Want to Support Brain Health? Control Blood Pressure

A woman getting her blood pressure checked at a doctor's office
FatCamera/Getty Images

Find out more about the connection between high blood pressure and brain health, including information about dealing with the condition, in the full article

Most people know that high blood pressure can lead to heart attacks and strokes — two very good reasons to control it. But here’s another equally important reason: Treating high blood pressure may reduce your risk of a decline in memory and thinking skills or dementia.

Studies that followed large groups of adults found that high blood pressure in middle age in particular was linked to worsening performance on mental-skills tests as people grew older.

Living longer with uncontrolled high blood pressure is the reason. “The effect of high blood pressure on the brain is cumulative. The longer you have high blood pressure, the greater the damage it does over time,” American Heart Association President Mitchell Elkind said in an interview.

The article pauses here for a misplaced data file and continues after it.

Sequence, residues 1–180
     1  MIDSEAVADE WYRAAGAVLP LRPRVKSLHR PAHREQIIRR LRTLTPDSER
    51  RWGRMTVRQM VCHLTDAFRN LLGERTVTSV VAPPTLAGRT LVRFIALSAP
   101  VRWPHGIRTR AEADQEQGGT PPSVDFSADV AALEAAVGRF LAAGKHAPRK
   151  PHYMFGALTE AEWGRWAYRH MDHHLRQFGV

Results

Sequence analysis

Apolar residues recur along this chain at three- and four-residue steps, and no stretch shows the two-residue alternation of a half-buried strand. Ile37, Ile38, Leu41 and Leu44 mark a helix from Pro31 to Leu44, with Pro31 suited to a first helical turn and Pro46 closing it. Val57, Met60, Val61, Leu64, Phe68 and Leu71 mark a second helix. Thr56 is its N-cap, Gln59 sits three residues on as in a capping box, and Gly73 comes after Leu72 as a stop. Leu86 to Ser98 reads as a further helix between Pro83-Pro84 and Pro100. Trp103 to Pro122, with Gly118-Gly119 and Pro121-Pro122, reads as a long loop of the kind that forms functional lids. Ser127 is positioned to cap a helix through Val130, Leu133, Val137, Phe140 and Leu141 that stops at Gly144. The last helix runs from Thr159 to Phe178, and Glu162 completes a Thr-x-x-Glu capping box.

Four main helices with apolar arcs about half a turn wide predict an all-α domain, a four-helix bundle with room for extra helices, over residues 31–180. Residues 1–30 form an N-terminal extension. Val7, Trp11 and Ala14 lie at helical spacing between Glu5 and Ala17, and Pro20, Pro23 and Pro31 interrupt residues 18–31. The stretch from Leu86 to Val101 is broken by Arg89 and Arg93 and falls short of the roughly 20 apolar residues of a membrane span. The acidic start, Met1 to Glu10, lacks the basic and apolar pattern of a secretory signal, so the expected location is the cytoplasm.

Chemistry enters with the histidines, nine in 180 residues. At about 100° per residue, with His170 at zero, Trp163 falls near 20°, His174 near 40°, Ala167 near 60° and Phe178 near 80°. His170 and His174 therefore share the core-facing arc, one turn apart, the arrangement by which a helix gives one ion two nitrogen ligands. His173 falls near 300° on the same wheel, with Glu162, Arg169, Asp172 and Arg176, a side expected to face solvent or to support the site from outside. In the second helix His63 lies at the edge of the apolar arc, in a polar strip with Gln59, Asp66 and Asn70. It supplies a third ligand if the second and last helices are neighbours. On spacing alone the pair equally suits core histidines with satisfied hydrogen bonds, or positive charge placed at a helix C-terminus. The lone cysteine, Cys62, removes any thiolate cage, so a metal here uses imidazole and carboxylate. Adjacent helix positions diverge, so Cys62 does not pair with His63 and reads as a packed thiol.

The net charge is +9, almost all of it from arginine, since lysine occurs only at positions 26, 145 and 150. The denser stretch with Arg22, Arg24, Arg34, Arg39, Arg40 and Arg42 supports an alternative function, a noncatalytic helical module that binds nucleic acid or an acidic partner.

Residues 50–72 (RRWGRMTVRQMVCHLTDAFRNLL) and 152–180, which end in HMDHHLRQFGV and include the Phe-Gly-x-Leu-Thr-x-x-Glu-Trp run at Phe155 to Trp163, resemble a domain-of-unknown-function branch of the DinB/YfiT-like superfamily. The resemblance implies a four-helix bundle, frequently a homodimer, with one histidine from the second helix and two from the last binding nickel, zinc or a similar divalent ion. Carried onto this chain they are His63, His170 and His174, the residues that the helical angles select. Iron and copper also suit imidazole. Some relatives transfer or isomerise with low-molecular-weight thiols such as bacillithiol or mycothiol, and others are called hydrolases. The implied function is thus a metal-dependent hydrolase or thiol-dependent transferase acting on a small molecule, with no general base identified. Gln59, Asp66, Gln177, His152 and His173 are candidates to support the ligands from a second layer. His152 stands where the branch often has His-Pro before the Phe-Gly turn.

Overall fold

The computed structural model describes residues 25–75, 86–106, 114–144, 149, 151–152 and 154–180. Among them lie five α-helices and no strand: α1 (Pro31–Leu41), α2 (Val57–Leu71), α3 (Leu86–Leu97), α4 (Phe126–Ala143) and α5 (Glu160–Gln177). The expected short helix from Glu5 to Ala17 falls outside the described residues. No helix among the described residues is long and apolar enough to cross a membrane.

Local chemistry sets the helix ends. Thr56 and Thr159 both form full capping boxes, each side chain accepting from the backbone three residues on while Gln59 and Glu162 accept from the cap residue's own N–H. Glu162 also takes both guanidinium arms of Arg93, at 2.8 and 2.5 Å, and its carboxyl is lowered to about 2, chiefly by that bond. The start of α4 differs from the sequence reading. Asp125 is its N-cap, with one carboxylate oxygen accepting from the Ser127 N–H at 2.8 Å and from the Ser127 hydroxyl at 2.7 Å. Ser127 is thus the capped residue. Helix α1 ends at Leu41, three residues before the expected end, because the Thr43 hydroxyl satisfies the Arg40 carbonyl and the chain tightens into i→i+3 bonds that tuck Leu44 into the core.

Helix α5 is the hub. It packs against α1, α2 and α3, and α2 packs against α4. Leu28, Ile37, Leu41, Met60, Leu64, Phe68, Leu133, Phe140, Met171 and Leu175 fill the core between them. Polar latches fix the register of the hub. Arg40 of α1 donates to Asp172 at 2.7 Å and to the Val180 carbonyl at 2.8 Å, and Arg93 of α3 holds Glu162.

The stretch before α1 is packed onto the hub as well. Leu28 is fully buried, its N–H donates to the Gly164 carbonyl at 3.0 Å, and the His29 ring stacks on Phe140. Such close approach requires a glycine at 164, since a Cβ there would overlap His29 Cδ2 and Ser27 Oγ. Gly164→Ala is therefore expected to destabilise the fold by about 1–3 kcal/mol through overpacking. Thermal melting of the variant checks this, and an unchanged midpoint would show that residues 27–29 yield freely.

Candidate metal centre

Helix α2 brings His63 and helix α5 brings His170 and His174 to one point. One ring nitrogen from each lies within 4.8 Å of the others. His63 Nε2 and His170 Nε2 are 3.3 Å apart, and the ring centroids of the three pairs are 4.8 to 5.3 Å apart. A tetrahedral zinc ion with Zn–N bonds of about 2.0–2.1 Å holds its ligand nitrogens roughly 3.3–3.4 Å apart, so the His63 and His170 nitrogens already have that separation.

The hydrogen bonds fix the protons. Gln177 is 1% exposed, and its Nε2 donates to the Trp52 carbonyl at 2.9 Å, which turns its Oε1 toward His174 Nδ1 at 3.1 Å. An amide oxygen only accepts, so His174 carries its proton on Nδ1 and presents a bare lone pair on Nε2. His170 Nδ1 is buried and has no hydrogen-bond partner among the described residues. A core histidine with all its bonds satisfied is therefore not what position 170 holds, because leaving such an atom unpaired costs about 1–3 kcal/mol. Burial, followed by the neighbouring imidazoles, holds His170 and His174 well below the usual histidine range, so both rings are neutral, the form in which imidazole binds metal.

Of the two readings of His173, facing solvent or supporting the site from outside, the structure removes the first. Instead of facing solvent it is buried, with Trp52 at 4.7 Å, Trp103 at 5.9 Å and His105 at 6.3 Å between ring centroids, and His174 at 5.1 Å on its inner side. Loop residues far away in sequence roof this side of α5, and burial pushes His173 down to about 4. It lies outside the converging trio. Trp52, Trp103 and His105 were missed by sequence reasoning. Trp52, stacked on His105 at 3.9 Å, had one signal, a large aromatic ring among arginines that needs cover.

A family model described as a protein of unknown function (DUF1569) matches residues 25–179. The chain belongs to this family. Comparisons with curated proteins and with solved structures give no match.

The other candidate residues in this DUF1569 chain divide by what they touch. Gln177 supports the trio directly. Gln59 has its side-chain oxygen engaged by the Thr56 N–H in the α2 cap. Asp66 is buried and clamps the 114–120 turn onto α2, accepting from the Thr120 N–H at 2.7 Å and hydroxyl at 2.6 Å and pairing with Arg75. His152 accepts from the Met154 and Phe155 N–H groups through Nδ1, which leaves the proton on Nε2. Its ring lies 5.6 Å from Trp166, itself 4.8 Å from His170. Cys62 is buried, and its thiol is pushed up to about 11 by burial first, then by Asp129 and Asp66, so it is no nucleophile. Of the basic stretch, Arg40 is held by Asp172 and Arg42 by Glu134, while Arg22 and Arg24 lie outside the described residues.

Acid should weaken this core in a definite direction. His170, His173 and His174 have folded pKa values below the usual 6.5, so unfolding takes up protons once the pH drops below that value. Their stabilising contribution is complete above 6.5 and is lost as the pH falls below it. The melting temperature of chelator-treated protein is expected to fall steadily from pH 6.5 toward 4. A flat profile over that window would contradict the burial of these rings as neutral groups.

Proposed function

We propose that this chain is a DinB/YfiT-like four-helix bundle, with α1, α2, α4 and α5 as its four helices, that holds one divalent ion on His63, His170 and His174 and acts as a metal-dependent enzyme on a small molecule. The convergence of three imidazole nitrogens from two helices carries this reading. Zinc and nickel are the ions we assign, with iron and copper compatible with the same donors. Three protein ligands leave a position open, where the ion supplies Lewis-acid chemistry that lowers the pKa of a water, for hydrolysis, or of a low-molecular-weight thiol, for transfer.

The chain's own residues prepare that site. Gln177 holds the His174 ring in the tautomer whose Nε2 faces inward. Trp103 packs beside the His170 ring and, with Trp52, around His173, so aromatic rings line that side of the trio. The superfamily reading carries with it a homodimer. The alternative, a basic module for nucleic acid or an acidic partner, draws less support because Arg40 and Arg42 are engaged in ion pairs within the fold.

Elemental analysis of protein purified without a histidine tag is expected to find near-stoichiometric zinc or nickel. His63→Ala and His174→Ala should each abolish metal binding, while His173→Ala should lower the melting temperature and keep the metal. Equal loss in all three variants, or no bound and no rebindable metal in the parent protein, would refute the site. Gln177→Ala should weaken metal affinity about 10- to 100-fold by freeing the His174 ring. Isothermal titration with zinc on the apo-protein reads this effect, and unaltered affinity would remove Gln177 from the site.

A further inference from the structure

Find out more about how a Healthy Lifestyle May Help Slow Mental Decline

A professor of neurology and epidemiology at Columbia University, Elkind said researchers have known for several years “that high blood pressure is linked to cognitive decline. We can see changes in thinking ability as measured by test scores over time, as well as dementia.”

But research suggests that treating the condition — with lifestyle changes, such as exercise and diet, and with medication, if necessary — can help stave off mental decline. More than 100 million Americans have high blood pressure, yet only about 1 in 4 have the condition under control.

Find out more about the connection between high blood pressure and brain health, including information about dealing with the condition, in the full article, "How Controlling Blood Pressure May Help Support Brain Health."

This content is provided for informational purposes only and is not intended to provide any expert, professional or specialty advice or recommendations. Readers are urged to consult with their medical providers for all questions.

Search AARP Blogs